FIG. 2E is yet another embodiment of a radiation detector having scintillating material at its tip, which shows its use in characterizing a radiation source, according to principles of the invention. The radiation detector 240 has an end portion 235 including scintillating material coupled to an optical fiber 207 (or, alternatively, a light guide) which is connectable to a photo detector 130. In alternate embodiments, the scintillating material may be directly coupled to a photo detector. This radiation detector 240 may be somewhat more discriminating as a detector since only the tip of the detector is responsive to radiation 250. Further, the radiation detector 240 may be employed to characterize a radiation source 115 by moving a radiation source 115 in a perpendicular direction to the detector 240. Alternatively, the detector 240 may be moved while the radiation source is stationary. In this way, the radiation source 115 may be characterized in a manner similar to the manner described in relation to FIG. 1. The radiation detector 240 may also be implantable in vivo to measure radiation levels during treatments. Furthermore, the radiation source 115 may be characterized in a similar fashion using the radiation detector embodiment of FIG. 2C, which has a single scintillating fiber. For example, the scintillating fiber detector of FIG. 2C may be oriented with the end of the scintillating fiber towards the radiation source (i.e., perpendicular to the radiation source in a similar manner to that shown in FIG. 2E) and to characterize the radiation source by moving either the scintillating fiber or the radiation seed.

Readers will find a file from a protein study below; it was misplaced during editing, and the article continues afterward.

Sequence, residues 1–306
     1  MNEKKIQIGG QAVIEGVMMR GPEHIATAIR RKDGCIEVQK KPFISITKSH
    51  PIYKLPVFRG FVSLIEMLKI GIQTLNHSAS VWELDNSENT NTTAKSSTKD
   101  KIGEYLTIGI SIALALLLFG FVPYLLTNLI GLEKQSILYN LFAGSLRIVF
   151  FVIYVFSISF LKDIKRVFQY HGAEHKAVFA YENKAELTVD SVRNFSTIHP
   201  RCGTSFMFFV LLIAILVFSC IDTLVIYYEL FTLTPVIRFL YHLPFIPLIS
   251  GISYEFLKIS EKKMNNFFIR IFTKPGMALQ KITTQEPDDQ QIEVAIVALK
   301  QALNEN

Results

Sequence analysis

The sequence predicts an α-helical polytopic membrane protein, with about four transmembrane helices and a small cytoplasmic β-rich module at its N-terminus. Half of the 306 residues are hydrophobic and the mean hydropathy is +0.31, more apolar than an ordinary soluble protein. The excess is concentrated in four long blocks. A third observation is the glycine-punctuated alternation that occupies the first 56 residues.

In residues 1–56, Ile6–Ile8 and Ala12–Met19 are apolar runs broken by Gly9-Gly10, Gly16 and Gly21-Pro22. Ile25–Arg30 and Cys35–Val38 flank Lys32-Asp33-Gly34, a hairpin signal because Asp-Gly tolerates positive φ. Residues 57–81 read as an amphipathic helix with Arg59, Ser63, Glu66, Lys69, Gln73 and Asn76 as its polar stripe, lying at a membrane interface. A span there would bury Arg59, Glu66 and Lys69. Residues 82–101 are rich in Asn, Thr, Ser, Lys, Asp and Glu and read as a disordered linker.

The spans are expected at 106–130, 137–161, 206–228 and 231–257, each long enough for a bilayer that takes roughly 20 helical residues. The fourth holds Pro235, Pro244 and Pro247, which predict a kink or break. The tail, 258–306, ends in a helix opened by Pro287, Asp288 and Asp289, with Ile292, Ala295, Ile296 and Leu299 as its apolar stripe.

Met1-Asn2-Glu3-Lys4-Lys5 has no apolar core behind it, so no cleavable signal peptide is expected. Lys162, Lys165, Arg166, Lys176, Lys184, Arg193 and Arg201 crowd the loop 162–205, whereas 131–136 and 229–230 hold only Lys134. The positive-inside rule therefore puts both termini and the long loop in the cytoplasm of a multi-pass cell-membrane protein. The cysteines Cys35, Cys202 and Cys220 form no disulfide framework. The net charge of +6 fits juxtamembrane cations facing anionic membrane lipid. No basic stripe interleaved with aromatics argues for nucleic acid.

FIG. 2F is an illustration showing how the radiation detector of FIG. 2E may be used to detect radiation in vivo, according to principles of the invention. FIG. 2F shows the radiation detector 240 having a scintillating material end portion 235 and optical fiber 207 connected to a photo detector 130. When placed in vivo near a tumor 245, the detector 240 detects radiation 250 such as emitted by a radiation source 115. The radiation source 115 may be placed in vivo by the active catheters of FIGS. 2A and 2B, for example. The radiation detector 240 then detects a level of radiation 250, which may be attenuated by the tumor 245. The level of light measured by the photo detector 130 is indicative of radiation levels detected at the end portion 235, which may then be used to reconstruct or confirm actual applied radiation dosage during a treatment, as discussed below. Of course, multiple radiation detectors 240 might be employed simultaneously in vivo in order to construct a more detailed dosage map as a result of a treatment. In alternate embodiments, a fiber optic 207 and the scintillating materials 235 may be constructed so that the combination of the two forms a radiation detector without any other outer structure.